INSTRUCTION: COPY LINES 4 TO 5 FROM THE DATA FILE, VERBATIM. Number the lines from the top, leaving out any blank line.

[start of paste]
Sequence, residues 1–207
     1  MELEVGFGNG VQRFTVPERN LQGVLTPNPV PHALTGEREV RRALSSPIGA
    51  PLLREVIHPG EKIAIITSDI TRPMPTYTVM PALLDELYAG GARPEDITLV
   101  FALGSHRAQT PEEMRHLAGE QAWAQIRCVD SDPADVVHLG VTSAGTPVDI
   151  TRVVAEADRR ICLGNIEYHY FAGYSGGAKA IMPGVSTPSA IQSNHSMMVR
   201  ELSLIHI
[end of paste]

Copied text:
   101  FALGSHRAQT PEEMRHLAGE QAWAQIRCVD SDPADVVHLG VTSAGTPVDI
   151  TRVVAEADRR ICLGNIEYHY FAGYSGGAKA IMPGVSTPSA IQSNHSMMVR